Mets Give Up On Matsui




Most of the Japanese stars who have come to the U.S. majors have enjoyed success, but Kaz Matsui is a rare exception. After more than two years of waiting in vain for him to produce, the Mets gave up on Friday, dumping him on the Rockies in exchange for Eli Marrero.

Both clubs agreed to maintain their financial commitments to their former players, both of whom will become free agents at the end of the season. Matsui is making $8 million in the final season of a three-year, $20.1 million deal. Marrero is on a one-year, $750,000 contract.

Matsui, 30, was voted the top shortstop of the 20th century in Japan, where he was a seven-time all-star and won an MVP award in 1998. A switch-hitter, he has shown a longer swing and slower bat since coming to the States. Matsui has hit just .200/.235/.269 with one homer and seven RBIs in 38 games this year. A stolen-base threat in Japan, he has only two swipes. Matsui played shortstop for the Mets in 2004 before moving to second base the last two seasons. Though he has good range, he's an erratic defender. In another sign of how far he has fallen, Matsui was shipped to Triple-A Colorado Springs after changing organizations. He's a career .256/.308/.363 hitter with 11 homers, 75 RBIs and 22 steals in 239 games.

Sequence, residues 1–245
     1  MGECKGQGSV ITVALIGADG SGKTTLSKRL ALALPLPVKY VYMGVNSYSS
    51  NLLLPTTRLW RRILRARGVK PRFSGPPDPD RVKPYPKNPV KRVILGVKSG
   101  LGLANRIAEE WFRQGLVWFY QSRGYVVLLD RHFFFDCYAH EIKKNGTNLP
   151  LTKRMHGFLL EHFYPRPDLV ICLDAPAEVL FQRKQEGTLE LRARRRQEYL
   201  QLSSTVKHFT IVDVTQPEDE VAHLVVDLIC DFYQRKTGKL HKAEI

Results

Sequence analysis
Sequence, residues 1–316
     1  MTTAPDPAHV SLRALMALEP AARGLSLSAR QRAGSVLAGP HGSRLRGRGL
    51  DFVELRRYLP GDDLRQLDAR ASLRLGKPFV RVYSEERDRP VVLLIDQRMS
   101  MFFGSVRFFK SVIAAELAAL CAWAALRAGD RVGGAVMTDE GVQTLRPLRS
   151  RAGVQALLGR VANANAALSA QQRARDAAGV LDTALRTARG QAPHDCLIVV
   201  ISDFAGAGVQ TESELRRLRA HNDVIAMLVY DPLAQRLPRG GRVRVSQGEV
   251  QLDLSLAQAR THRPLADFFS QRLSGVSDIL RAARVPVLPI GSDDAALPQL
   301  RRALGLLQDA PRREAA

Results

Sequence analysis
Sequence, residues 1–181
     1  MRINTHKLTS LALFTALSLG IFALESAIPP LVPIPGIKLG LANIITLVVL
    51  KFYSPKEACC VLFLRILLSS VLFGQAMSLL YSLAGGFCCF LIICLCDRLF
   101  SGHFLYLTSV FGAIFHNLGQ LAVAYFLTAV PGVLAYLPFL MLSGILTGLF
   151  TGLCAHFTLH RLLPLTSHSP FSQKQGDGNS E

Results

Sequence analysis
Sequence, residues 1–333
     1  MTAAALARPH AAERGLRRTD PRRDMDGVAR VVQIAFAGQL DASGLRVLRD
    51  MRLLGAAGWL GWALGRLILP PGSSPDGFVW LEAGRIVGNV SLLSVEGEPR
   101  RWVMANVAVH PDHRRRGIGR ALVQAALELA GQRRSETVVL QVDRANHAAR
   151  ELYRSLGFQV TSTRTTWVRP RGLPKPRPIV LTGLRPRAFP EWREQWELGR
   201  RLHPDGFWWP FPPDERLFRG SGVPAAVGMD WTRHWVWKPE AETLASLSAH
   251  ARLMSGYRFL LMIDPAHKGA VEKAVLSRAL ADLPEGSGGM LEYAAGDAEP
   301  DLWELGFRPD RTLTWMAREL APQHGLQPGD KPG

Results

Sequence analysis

Marrero, 32, became expendable in Colorado thanks to the emergence of rookie Ryan Spilborghs. Offensively, Marrero offers some pop and defensive speed. He has hit .217/.347/.467 with four homers, 10 RBIs and three steals in 30 games and 60 at-bats this season. He's a versatile bench player who can play adequate defense at both outfield corners, first base and catcher. The Mets also plan on seeing if he can handle some action at third base. Marrero has batted .244/.303/.412 with 64 homers, 258 RBIs and 54 steals in 699 career games.

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